Pending Trade Pacts Will Continue the Downward Trends in Number and Quality of U.S. Jobs

Pending U.S. – South Korea Trade Agreement

“Most strikingly, KORUS will open Korea’s service market to U.S. exports, allowing the United States to exploit its competitive advantages in financial services, education and information and communications technologies.

The agreement also will lead to increased imports from Korea, which in turn will help the United States achieve greater economic specialization. The likely effects of more specialization—and of increased Korean investment in the United States—include greater U.S. efficiency, productivity, economic growth and job growth. Meanwhile, U.S. investors will gain new opportunities in the increasingly active Asia-Pacific region.

KORUS supports market access for U.S. investors with investment protection provisions, strong intellectual property protection, dispute settlement provisions, a requirement for transparently developed and implemented investment regulations and a similar requirement for open, fair and impartial judicial proceedings.”

Pending U.S. – Columbia Trade Agreement

“COL-US improves the investment climate in Colombia by providing investor protections, access to international arbitration and improved transparency in the country’s legislative and regulatory processes. These provisions will reduce investment risk and uncertainty.

With considerable investments, Colombia would be able to compete with East Asia for these higher quality jobs, swaying people away from black markets and other illicit activities.”

Pending U.S. – Panama Trade Agreement

“Panama’s $21 billion services market for U.S. firms offering portfolio management, insurance, telecommunications, computer, distribution, express delivery, energy, environmental, legal and other professional services.

A fair legal framework, investor protections and a dispute settlement mechanism, all features of the PFTA, are almost certain to increase U.S. investments in Panama.”

All quotes from Mauricio Cárdenas and Joshua Meltzer, Korea, Colombia, Panama: Pending Trade Accords Offer Economic and Strategic Gains for the United States, Policy Brief Series, # 183, The Brookings Institution, July 2011.


About improved investment climates.  These agreements add three more places in the world where U.S. corporations can invest with confidence.  U.S. banks, mutual funds, and other financial institutions will find it easier to use the money in our savings accounts and retirement funds to expand economic activities and create jobs outside the U.S.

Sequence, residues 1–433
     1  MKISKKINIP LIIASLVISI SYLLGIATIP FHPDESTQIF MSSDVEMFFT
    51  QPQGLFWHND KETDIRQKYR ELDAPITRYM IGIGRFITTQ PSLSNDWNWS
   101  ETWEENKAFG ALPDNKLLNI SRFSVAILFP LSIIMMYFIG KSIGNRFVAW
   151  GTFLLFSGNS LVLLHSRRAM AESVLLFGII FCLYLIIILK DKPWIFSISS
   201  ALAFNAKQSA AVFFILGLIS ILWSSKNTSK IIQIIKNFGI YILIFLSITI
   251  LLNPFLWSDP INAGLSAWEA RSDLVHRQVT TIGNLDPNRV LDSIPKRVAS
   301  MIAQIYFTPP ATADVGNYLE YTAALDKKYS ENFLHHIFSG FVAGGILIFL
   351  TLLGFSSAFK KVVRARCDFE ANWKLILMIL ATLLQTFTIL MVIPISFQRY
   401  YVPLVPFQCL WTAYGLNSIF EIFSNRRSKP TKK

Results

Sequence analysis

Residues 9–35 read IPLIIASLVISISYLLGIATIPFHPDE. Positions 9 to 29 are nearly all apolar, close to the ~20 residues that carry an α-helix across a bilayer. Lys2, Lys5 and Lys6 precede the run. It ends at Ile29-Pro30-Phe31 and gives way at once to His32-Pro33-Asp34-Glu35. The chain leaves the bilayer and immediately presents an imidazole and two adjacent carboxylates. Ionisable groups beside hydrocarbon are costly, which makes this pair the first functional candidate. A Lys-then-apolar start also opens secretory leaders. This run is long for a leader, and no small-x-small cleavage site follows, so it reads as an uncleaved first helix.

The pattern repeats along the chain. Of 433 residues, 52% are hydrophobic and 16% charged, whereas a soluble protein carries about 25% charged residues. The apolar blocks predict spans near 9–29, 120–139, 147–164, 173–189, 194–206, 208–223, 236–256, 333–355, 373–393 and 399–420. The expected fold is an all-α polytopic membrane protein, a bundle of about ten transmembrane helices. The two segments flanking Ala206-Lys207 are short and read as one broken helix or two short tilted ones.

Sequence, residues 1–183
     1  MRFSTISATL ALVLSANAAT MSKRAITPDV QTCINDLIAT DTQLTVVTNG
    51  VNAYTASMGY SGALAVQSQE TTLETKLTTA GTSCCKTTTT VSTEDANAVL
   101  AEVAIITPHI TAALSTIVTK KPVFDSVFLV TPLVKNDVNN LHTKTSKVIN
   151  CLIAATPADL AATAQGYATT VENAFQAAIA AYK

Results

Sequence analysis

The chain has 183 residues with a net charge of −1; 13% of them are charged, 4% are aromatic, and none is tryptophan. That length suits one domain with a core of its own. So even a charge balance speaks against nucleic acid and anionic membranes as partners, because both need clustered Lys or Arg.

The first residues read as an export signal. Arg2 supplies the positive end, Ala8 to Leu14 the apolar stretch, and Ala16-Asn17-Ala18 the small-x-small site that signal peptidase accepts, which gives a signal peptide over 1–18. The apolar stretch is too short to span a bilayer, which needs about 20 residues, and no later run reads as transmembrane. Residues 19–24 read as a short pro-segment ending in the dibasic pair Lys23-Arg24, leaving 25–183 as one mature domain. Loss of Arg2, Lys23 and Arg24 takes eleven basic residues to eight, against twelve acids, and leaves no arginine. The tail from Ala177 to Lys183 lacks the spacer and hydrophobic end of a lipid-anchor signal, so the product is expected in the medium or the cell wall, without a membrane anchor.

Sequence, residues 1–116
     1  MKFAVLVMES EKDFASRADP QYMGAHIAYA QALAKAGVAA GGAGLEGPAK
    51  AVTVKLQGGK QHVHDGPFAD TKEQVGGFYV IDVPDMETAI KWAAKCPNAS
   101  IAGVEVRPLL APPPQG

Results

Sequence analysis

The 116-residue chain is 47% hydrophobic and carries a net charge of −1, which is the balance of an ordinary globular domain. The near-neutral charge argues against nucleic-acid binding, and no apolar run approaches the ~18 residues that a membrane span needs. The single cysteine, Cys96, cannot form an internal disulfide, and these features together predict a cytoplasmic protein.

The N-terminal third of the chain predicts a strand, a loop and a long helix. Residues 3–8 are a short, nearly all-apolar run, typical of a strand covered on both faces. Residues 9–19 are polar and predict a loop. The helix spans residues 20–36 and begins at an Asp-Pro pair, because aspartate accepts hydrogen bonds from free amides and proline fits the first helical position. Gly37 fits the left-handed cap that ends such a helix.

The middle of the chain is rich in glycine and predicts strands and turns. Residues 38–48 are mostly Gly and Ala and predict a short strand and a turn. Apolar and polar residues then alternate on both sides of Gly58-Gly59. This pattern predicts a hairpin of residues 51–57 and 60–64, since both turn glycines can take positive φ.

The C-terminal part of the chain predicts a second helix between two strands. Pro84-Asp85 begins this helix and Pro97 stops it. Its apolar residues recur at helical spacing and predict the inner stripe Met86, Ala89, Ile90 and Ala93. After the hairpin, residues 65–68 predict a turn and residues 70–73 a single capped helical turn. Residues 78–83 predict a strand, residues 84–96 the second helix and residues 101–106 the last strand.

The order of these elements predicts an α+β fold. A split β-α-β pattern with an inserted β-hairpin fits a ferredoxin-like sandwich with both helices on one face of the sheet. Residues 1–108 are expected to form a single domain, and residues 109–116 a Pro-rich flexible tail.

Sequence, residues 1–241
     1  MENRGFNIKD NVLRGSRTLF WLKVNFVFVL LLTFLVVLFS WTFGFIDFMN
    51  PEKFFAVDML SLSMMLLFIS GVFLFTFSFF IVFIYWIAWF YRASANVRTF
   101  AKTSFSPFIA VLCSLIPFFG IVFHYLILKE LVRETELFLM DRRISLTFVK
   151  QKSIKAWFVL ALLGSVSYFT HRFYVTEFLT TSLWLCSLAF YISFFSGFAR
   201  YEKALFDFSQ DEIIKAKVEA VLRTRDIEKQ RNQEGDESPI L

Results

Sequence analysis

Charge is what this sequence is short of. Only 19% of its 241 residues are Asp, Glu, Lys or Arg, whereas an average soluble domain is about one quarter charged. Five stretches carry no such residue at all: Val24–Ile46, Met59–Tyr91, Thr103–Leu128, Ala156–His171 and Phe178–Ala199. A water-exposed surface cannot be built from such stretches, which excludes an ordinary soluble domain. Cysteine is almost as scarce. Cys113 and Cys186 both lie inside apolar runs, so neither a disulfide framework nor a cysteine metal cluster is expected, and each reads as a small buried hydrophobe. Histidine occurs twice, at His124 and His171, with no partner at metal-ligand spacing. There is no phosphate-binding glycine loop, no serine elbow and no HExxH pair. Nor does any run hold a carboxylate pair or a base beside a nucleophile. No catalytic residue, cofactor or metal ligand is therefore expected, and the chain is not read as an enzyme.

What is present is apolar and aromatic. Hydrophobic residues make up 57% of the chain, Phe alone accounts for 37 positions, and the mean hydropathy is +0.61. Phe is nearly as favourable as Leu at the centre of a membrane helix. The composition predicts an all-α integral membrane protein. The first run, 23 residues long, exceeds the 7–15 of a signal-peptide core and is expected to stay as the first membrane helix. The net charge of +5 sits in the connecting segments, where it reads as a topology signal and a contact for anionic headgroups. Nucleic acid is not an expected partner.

By some estimates, U.S. corporations are sitting on about $2 trillion in cash and banks have returned to profitability, so a lot of money is sitting idle, waiting for profitable investment opportunities.  Economists have noted that there is considerable evidence that the growth of consumer demand is too anemic in the U.S. to spur much investment here, so the investment eye is on the emerging markets of the world where real incomes and consumer demand are growing.

About increased access to service sector markets.  The list of U.S. industries that will benefit include industries that are critical to increasing a nations competitive position in the world economy, and thereby nourish economic growth and enterprise profitability.  Thus, expansion of service sector sales will complement U.S. capital investment in South Korea, Columbia, and Panama, helping to insure the profitability of both U.S. and local investments and thus helping to insure that competitiveness and job growth increase in those nations.

About increased economic specialization in the U.S.  The impact of increased economic specialization on jobs in the U.S. will be a further narrowing of the base of industries and thus a further narrowing of the range of jobs available to U.S. citizens.  This means more workers will have to go through the emotionally painful, family disrupting, and financially costly process of being displaced and retrained for other work because their existing skills are no longer needed.

The record for career displacement and re-employment in a new industry is not good.  Far too many of the new jobs displaced workers end up with pay less and offer lower value in benefits.  Incomes and family welfare decline.

Likely Impact on Global Job Growth. Under existing global conditions of increasing numbers of competing businesses and stalled expansion of global consumer demand, large parts of the new investments to be facilitated by these trade pacts will very likely go into labor saving production, distribution, and management technologies.

Global productivity will increase, so jobs gained in South Korea, Columbia, and Panama will not be greater than the jobs lost in those nations from which South Korea, Columbia, and Panama win market shares.  More likely, the net effect on global employment will be negative.

Likely Impact on U.S. Jobs and Income.  Although jobs will be added in select U.S. industries, and thus in limited parts of the U.S., the net effect will be negative because profitability in sectors of the U.S. economy that have to contend with stronger competition from South Korea, Columbia, and Panama (and all the other nations where U.S. capital is nourishing productivity growth) will decline.  Investment in those sectors will further decline in response, putting more people out of work.